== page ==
Mailed tobacco ads rely on price discounts and youth-appealing themes
Almost all (96%) of a sample of mailed ads for tobacco products included price incentives like coupons and discount codes, which can undercut the impact of excise taxes and other proven effective tobacco control measures that raise the cost of tobacco products, according to Truth Initiative® research recently published in Nicotine & Tobacco Research. Many also used subjects known to appeal to youth and young adults – such as young models and themes of rebellion, socializing, or a night out – which were present in 40% of ads across all products, including in 78% of ads promoting e-cigarettes and heated tobacco products.
The study, which examined ads for cigarettes, smokeless tobacco, little cigars and cigarillos, e-cigarettes and heated tobacco products, highlights how tobacco companies continue to appeal to price-sensitive and vulnerable populations through a marketing channel that is largely hidden from view and not subject to the oversight regulating other types of tobacco advertising.
Promoting tobacco use in vulnerable populations – out of sight
The 1998 Master Settlement Agreement and the 2009 Family Smoking Prevention and Tobacco Control Act limited the tobacco industry’s ability to overtly market its products to youth through venues like billboards or radio ads. There aren’t explicit bans on tobacco marketing through direct mail, which the industry continues to use to reach youth and other vulnerable populations.
Delivered directly to prospective customers’ homes, mailed ads are largely hidden from widespread view. Although past research has examined mailed ads for cigarettes and smokeless tobacco products, the current study also included ads for e-cigarettes and heated tobacco products. Although many social media platforms ban paid tobacco advertising, such restrictions don’t exist for mailed ads.
Researchers analyzed 1,047 tobacco ads for combustible cigarettes, smokeless tobacco, little cigars and cigarillos, and electronic nicotine delivery systems (ENDS) including e-cigarettes and heated tobacco products that circulated between January 2018 and December 2020. Truth Initiative contracted with the Mintel database, which asks its nationally representative panel of members to scan and share copies of all ads that are mailed directly to them.
Price discounts lower barrier to tobacco use
Almost all ads (96%) across tobacco products included price incentives such as coupons or discount codes that reduced prices, and 85% included web promotions or instructions on how to access special offers on websites. “With coupons in nearly every mailer, the most obvious purpose of direct mail advertising is to promote use through reducing cost barriers,” the authors write. Decreasing prices lowers the cost barriers to tobacco use and appeals to price-sensitive consumers.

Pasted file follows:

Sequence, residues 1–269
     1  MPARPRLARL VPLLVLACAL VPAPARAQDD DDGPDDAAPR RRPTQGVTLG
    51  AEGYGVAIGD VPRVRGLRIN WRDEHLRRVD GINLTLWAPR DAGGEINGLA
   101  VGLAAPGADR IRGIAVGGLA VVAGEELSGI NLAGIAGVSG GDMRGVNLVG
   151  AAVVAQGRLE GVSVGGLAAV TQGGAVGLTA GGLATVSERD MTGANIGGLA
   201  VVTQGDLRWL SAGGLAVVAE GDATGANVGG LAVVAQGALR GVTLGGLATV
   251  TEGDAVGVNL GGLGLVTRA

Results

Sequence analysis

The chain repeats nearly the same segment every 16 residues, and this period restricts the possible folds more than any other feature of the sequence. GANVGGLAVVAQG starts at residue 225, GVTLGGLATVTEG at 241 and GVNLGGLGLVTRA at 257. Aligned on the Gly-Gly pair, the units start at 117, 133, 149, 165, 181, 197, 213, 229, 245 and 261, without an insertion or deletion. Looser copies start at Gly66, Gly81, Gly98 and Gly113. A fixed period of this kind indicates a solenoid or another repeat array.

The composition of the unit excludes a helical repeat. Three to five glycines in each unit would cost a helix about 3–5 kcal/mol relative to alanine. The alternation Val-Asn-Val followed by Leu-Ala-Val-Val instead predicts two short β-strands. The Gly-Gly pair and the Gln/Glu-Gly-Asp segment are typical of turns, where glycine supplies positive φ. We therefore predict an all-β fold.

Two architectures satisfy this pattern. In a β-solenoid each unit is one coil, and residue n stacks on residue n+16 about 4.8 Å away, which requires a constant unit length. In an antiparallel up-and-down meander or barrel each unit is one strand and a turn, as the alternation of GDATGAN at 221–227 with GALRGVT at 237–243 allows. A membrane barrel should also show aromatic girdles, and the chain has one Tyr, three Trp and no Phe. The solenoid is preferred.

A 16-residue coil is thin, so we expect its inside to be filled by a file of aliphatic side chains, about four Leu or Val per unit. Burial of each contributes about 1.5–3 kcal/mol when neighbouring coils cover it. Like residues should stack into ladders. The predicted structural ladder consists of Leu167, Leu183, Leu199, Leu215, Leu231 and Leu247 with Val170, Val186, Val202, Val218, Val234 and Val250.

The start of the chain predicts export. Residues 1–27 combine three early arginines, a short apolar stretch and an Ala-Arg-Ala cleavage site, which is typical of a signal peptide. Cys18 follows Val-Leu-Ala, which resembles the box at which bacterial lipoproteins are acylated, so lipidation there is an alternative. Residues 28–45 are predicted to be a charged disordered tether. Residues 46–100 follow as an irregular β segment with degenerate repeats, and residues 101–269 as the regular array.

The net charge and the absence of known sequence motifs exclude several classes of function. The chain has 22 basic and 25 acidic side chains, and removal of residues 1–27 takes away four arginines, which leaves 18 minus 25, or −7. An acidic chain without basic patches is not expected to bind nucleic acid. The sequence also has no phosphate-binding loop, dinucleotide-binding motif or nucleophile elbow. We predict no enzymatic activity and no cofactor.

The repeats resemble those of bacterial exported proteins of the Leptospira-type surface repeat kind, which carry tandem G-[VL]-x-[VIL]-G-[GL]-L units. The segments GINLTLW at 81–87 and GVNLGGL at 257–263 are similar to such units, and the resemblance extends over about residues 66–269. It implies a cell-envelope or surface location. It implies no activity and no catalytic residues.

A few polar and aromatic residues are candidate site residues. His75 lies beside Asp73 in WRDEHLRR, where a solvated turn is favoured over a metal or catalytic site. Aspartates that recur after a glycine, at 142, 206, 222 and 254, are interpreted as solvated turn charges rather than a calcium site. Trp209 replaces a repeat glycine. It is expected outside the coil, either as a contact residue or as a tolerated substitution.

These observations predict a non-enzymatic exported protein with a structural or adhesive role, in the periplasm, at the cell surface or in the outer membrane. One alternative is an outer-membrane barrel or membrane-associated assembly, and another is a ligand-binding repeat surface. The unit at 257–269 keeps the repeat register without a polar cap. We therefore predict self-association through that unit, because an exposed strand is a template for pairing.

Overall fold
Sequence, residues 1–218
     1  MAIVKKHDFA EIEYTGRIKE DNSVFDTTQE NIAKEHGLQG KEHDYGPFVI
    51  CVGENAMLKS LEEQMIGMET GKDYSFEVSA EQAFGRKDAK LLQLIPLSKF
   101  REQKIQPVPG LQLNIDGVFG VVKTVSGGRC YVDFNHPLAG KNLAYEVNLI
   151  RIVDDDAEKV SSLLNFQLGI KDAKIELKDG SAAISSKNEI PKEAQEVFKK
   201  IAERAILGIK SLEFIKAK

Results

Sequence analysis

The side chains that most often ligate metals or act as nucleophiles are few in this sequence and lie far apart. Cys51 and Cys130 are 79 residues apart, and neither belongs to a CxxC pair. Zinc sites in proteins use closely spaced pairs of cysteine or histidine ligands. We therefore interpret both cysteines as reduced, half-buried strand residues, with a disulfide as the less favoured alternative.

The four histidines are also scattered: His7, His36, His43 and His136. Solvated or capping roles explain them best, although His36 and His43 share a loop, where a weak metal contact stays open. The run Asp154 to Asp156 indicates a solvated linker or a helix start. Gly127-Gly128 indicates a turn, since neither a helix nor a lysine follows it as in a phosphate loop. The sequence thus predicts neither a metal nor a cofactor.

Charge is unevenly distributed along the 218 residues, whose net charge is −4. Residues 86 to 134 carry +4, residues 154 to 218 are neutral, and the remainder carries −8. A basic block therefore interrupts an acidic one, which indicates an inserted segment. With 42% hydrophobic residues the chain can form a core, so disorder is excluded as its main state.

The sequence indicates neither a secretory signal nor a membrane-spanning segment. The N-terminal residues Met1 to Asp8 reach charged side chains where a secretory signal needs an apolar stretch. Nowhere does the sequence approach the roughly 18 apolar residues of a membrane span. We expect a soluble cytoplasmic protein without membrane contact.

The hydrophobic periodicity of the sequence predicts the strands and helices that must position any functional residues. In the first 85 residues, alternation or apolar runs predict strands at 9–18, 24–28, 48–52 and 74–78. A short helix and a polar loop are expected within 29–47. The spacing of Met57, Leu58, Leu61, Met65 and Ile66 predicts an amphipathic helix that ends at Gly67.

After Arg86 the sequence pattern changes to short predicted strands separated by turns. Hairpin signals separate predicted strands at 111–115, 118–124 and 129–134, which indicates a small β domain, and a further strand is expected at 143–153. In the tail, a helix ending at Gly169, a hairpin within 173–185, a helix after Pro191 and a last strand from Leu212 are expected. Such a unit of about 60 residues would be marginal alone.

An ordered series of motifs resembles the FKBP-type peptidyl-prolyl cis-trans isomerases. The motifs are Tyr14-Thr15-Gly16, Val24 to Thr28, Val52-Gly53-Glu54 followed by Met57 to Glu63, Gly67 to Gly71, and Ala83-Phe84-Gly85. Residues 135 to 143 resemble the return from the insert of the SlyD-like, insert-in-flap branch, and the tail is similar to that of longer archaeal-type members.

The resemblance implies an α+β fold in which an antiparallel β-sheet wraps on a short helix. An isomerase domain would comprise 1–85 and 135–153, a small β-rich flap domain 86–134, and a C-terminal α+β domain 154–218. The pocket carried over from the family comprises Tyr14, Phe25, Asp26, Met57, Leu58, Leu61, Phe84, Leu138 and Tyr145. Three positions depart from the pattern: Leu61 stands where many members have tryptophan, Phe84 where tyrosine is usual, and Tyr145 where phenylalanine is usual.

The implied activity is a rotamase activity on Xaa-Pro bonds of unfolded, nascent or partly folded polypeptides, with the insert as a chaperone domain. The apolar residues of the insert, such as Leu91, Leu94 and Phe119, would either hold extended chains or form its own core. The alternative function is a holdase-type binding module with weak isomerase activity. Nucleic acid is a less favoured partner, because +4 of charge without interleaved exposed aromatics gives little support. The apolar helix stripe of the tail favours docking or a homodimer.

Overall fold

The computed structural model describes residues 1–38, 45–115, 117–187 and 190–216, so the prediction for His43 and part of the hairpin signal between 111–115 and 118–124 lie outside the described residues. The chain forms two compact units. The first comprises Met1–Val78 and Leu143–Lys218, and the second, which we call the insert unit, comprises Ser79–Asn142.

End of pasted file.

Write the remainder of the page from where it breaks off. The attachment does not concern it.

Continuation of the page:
Coupons and discount codes that reduce the price of tobacco products undercut the effect of tobacco-related tax legislation like excise taxes, which previous research shows is one of the strongest deterrents to initiation and progression of tobacco use, particularly among price-sensitive groups. The findings of the current study point to the need for restrictions on the use of coupons and other discount promotions to protect the proven effectiveness of cost restrictions put in place to deter uptake of tobacco products.
Mailed e-cigarette ads appeal to young people
Themes known to appeal to youth and young adults were present in 40% of ads across all products, including in 78% of ads promoting e-cigarettes and heated tobacco products. These ads featured models who were clearly under 35, referred to a brand’s social media, or included themes known to appeal to young people (e.g., rebellion, individuality, humor) or aesthetic attributes such as high-tech designs.. More than half (51%) of ads for e-cigarettes and heated tobacco products featuring youth-appealing themes also featured young models.
Mailed ads featuring young models and themes that appeal to this group go directly against the tobacco industry’s mandate not to appeal to youth, risking youth initiation of tobacco products.
Direct-mail ads may widen gaps in tobacco use in vulnerable populations
Many mailed ads also featured themes that appeal to other vulnerable populations including rural white and Black audiences.
Researchers found that 40% of ads contained themes with potential appeal to rural white audiences. For example, smokeless tobacco ads frequently feature masculine, blue-collar, and outdoor themes. Nearly half of ads for smokeless tobacco and more than a third of ads for combustible cigarettes employed these themes.
Fifteen percent of ads appeared to target Black audiences, featuring at least one Black model or depicting traditionally Black spaces (barber shops, jazz clubs) or culture like street art, slam poetry, or hip-hop. Big Tobacco has a track record of targeting Black populations using marketing tactics that appropriate African American culture. Black Americans have disproportionately higher tobacco-related death and disease compared to their white counterparts.
“The prevalence of price incentives delivered directly to consumers and out of the public eye threatens to undermine other measures designed to deter tobacco product use and incentivize quitting, particularly among youth and young adults who are price-sensitive,” the authors write.
The research underscores an urgent need for the Food & Drug Administration to establish guidelines regulating tobacco direct-mail advertising as it has done with other marketing mediums.